I'm the editor here at the Arkansas Democrat-Gazette who put that article that so offended you -- and a number of other valued readers -- on the cover of our Sunday opinion September 11th.
It was wholly a pleasure to hear from you all because it gives me an opportunity to explain why I would do such a thing.
You remember that article -- indeed, you won't soon forget it. It was headed, "Let's Cancel 9/11/ America, tear down that Freedom Tower." It suggested the country stop observing the anniversary of the most devastating surprise attack on American soil since Pearl Harbor.
I don't agree with the writer, either. Which is precisely why I chose to run it in so prominent a place. Because it offered a provocative counterpoint to the view we took on our editorial page that same day -- a full-page color reproduction of the attack on the Twin Towers emblazoned with the words: "Remember/September 11th."
The article that got you so stirred up took a diametrically opposite view from my own column on that same page. ("What have we learned from this?")
Far from canceling September 11th, I've long thought -- and suggested -- that we ought to move Flag Day, now almost forgotten in June, to September 11th.
Remember how all the flags came out as the news of the attacks spread? Within hours, Old Glory was flying atop the smoldering ruins of the World Trade Center. It would be raised over suburban houses and in inner cities, on cars and trucks and trailers, at the Pentagon ... and over that black gash in an empty field near Shanksville, Pa. That was the only trace left when United Flight 93 exploded there with its 7,000 gallons of jet fuel that fateful morning.
As the saga of United 93 reminds us, Americans were fighting back even before the terrorists could complete their plans. ("Let's Roll!") Forget those heroes? Never.
The whole country seemed united that day in one roar of defiance, and our armed forces would soon respond. As they respond to this day.
Cancel September 11th? Like hell we will.
But also part of being American is to let all voices be heard, even and especially those that provoke us. So on September 11th of this year, the 10th anniversary of another day that will live in infamy, our opinion section offered a wide array of opinions to our wide array of readers.
Naturally, people will disagree with any number of opinions expressed in the paper. But I'd rather folks disagree with us, even be upset with us, than not get the widest spectrum of opinions into the paper.
Just this past Sunday, we ran an interview with Mahmoud Ahmadinejad, Iran's president and demagogue-in-chief, on the cover of our opinion section. If this were 1933, and we had a full interview with Adolf Hitler available, I'd run it, too. Forewarned is forearmed.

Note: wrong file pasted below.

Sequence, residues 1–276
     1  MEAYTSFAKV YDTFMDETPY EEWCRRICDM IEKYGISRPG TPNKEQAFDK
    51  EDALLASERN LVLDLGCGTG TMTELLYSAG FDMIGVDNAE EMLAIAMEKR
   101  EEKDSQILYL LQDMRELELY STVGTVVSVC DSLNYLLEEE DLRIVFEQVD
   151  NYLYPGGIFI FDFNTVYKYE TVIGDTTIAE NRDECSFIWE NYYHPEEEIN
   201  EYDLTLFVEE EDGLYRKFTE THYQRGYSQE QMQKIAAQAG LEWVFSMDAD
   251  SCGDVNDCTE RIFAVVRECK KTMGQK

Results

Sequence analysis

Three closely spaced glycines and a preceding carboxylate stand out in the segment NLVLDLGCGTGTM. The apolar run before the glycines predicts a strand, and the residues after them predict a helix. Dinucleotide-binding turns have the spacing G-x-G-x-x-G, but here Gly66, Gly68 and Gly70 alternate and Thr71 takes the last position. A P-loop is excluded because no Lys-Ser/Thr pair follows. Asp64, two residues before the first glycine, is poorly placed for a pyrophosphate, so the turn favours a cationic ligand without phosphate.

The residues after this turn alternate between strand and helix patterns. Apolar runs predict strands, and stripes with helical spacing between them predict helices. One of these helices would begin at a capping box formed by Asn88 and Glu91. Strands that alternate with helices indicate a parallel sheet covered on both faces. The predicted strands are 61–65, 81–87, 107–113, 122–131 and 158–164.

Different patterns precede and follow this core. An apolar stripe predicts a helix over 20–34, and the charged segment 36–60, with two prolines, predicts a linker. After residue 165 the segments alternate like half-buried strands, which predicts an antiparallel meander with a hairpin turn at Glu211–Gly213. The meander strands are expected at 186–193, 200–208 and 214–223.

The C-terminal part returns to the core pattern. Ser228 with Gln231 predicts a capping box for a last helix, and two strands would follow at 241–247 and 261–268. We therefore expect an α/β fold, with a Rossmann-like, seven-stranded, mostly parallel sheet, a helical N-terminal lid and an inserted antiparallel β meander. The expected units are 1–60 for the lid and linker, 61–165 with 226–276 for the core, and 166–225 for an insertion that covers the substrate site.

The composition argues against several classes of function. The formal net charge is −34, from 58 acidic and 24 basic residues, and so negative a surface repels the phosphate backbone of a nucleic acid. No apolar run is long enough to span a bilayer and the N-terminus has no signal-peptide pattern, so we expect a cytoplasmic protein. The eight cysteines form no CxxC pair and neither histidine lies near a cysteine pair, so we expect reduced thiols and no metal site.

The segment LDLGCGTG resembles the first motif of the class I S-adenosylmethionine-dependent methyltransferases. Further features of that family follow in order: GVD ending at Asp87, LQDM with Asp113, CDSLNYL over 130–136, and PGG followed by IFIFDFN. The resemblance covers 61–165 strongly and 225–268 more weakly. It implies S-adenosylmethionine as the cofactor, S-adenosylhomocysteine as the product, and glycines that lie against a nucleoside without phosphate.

A good newspaper, I would submit, reflects a wide array of opinions and not just those we find comfortable. I can't think of a more damning description of an opinion section than "inoffensive." A newspaper so afraid of offending that it won't print anything unpopular isn't worth reading.
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I understand if you hold a different opinion, and we'd be more than happy to consider a letter to the editor from you to that effect. Feel free to join the free-for-all we try to conduct on our opinion pages. That kind of robust debate, I would submit, is what the First Amendment is all about. Come on in, the water's hot.
Freedom only for those whose views we approve, or whose views don't stray too far from our own, isn't freedom at all but a kind of echo chamber.
The increasing atomization of American opinion strikes me as dangerous. More and more Americans seem to read only publications or consult websites that mirror their own convictions/prejudices. Or tune in to a television network, whether Fox or MSNBC, that will reinforce rather than challenge their own ideas.
But we need to know not just what like-minded folk think, but what those on the other side have to say.
Who knows, we might learn something. At least about the bounds of our own tolerance. And about some of the notions being preached on the far left and many a college campus. (Or do I repeat myself?)
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Certainly the press, now known as The Media, ought to be criticized -- most of all by the press itself. The Republic is seldom safer than when its various pundits are taking out after each other -- and taking aim at every sacred bovine in sight.
So long as newspapers and commentators and writers of irate letters to the editor are at each other's throats and ideas, freedom may yet prosper. For a robust exchange of opinion is what a free country is all about--in my opinion.
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